Puppeteer Review
Puppeteer Box Art
System: PS3
Dev: SCE Studios Japan
Pub: Sony
Release: September 10, 2013
Players: 1-2
Screen Resolution: 480p-1080p Alcohol reference, Fantasy Violence, Mild Language, Suggestive Themes
Can I Get an Encore?
by Justin Cloyd

Puppeteer exists as a product of unhinged creativity; unhinged creativity that oftentimes takes the form of madness. This madness gives the game its energy as it rushes from one idea to the next. It could have very easily descended into senselessness, but the freshness of the core gameplay mechanics provides a solid foundation that keeps this house of anarchy from collapsing. The unique brand of insanity found in Puppeteer risks alienating some players, but it also provides those people who do enjoy it a ride unlike anything else in gaming today.

The flash of the story hides a simple narrative. At its core, you have a villain who wants power, a hero who never falters in his quest, and a wisecracking sidekick with a heart of gold. However, several hard-to-pierce trappings provide initial hurdles for players to clear. The game doesn’t take any time to set the stage, and the onslaught of fairy-tale story elements overwhelms the first few levels of the game. The main character, Kutaro, doesn’t gain his signature weapon or his permanent sidekick until the end of the first act, meaning that the game doesn’t really begin until Act 2. However, once the game gets going, it makes the slow start more than worth it.

True to its puppet-show theme, seven acts tell the story of the game. Three separate stages, called curtains, split each act. Each stage contains a plethora of platforms that Kutaro navigates. As Kutaro maneuvers through a level, a spotlight follows him. When he successfully navigates to the end of one platform, the next platform rushes forward to replace it, so Kutaro never has to leave the stage. The puppet-show setting, though, does more than just provide unique transitions between levels; it gives the game most of its humor and gameplay elements, as well.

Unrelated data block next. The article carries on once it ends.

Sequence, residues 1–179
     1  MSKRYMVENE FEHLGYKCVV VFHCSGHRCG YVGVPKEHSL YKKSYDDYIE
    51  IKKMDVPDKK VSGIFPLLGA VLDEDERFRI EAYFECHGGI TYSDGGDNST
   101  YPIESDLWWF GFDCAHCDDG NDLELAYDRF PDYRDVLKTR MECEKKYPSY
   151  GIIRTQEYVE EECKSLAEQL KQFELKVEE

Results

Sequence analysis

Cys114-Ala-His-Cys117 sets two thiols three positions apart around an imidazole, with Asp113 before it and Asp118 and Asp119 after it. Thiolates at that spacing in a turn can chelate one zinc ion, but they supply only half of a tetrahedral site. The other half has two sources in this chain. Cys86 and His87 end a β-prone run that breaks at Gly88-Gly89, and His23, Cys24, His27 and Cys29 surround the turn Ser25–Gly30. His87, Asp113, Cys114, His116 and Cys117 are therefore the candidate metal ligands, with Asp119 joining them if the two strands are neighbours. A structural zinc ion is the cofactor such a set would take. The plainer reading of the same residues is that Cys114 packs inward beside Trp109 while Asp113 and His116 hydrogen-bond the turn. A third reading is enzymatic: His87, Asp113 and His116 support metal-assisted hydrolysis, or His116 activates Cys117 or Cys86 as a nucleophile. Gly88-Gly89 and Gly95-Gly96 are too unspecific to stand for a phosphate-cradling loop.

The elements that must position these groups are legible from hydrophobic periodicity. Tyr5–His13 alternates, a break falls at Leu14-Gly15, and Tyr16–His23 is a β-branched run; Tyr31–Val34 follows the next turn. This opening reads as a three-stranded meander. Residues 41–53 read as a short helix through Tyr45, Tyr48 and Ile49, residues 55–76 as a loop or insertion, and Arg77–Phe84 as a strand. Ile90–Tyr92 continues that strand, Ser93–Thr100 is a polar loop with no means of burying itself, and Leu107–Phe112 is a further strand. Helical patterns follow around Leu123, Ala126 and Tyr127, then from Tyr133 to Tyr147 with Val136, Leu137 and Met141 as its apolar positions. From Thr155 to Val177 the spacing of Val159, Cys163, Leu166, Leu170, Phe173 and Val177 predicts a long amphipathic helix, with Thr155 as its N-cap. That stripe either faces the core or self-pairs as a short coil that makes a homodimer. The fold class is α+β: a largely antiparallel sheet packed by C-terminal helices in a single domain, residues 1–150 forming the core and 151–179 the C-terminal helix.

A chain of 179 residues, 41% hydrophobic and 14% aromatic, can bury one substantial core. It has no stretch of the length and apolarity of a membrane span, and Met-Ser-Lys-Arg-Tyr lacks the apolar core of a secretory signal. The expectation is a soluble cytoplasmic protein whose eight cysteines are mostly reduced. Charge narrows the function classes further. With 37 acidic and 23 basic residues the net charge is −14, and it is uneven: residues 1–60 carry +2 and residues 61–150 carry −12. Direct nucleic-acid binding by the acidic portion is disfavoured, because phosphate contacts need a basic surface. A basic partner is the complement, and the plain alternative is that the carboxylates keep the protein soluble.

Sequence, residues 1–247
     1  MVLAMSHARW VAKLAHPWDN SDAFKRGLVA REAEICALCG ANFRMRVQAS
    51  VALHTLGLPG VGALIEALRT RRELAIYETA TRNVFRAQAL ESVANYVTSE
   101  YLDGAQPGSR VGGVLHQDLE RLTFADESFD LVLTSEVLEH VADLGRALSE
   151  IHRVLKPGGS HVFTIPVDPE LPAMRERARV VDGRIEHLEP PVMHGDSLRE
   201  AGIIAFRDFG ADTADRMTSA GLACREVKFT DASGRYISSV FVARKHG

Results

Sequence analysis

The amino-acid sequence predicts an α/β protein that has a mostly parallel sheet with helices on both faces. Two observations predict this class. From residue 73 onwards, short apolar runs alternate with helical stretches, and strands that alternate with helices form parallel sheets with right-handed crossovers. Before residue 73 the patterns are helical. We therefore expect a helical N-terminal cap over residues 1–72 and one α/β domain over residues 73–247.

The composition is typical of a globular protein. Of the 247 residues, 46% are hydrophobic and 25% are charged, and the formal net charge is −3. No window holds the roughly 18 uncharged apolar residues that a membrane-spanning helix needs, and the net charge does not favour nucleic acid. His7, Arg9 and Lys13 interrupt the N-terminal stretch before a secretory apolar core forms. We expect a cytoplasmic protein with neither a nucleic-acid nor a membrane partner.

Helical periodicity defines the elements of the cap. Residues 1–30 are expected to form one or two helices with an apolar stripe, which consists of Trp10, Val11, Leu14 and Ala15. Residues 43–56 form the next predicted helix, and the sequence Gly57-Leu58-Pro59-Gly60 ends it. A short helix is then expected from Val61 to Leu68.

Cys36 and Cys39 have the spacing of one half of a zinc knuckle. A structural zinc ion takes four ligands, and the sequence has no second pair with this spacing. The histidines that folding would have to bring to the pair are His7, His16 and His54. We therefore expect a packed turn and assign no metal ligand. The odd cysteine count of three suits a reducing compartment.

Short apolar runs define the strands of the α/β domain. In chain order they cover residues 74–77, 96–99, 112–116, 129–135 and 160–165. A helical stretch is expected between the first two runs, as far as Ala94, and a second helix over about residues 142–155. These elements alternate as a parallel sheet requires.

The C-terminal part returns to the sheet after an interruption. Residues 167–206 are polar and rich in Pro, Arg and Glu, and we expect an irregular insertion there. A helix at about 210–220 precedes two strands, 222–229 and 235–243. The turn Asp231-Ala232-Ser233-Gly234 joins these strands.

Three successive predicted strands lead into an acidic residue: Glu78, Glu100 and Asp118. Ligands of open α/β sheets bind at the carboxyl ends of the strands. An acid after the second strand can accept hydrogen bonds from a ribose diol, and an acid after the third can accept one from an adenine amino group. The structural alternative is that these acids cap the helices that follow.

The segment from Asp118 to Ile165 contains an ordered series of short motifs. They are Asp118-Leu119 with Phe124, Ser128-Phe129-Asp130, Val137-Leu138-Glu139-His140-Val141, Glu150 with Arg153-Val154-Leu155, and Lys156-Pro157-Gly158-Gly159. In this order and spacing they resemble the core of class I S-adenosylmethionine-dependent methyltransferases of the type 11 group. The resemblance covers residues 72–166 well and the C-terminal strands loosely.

Kutaro uses a pair of magical scissors as his main weapon. The scissors, called Calibrus, acts as both a weapon and his main method of movement. Calibrus can cut through paper materials on the stage. These materials take the shape of clouds, leaves, water, steam, and even a dragon. Kutaro can cut in any direction. Each level makes good use of this, having Kutaro travel north, south, east, and west to reach the end of a stage. This opens up each area tremendously, and the variety of ways the game utilizes Calibrus prevents it from becoming stale.

Surprisingly, without some ingenuity on the part of the developers, Puppeteer could have very easily become stale. The game is much longer than expected. Each curtain lasts roughly half an hour, give or take 15 minutes due to level variation and player skill. With three curtains an act, and seven acts in the game, Kutaro’s adventure can last anywhere from 10-15 hours. Luckily, the developers used a variety of extra weapons, some unique stages, and lively dialogue to keep the game fresh. A couple parts of the game feel like a chore, especially the first act, but energetic, entertaining levels surround each slight slog.

The pixie Pikarina accompanies Kutaro on his journey. The right analog stick moves her freely around the screen, and pressing the R2 button makes her hit background objects in an attempt to reveal items. Using the Move Controller can also navigate the pixie. Although useless in single-player (the Navigation Controller doesn’t work properly with the game), Move compatibility opens up the game to some fun co-op. (And by fun, I mean the second player can use Pikarina to torment poor Kutaro.)

Puppeteer Screenshot

By the end of the game, Kutaro employs five unique weapons. Each weapon can be effortlessly used with the push of a button, and switching between weapons is hassle free. Boss fights force players to quickly change between dropping a bomb, grabbing something with a chain, and body slamming the ground. Thanks to the easy control scheme, I rarely had issues moving from one weapon to the next. And when I did take a hit because of weapon-switching mishaps, it was completely my fault.

When Kutaro gets hit, he loses his head (literally). Kutaro can store up to three heads at once. These heads look like anything from a skeleton to strawberry shortcake. Besides just a measurement of life, heads also perform special functions. If Kutaro uses a head’s special animation in certain parts of a game, cool things happen: bonus stages open up, collectables appear, and sometimes allies help you out in tight spots. Making the extra-life system aesthetically pleasing and functionally useful layers fun onto a usually straightforward platforming staple.

Puppeteer Screenshot

Then again, not many things in Puppeteer are usual. The boss fights range from an oversized tiger to a pirate sheep/pig combo piloting a mechanical crab. These fights switch between quick-time events and normal gameplay. More often than not, Kutaro will follow various patterns of using his weapons that end with him relying on Calibrus to weaken the boss. Most bosses end after triggering a quick-time event.

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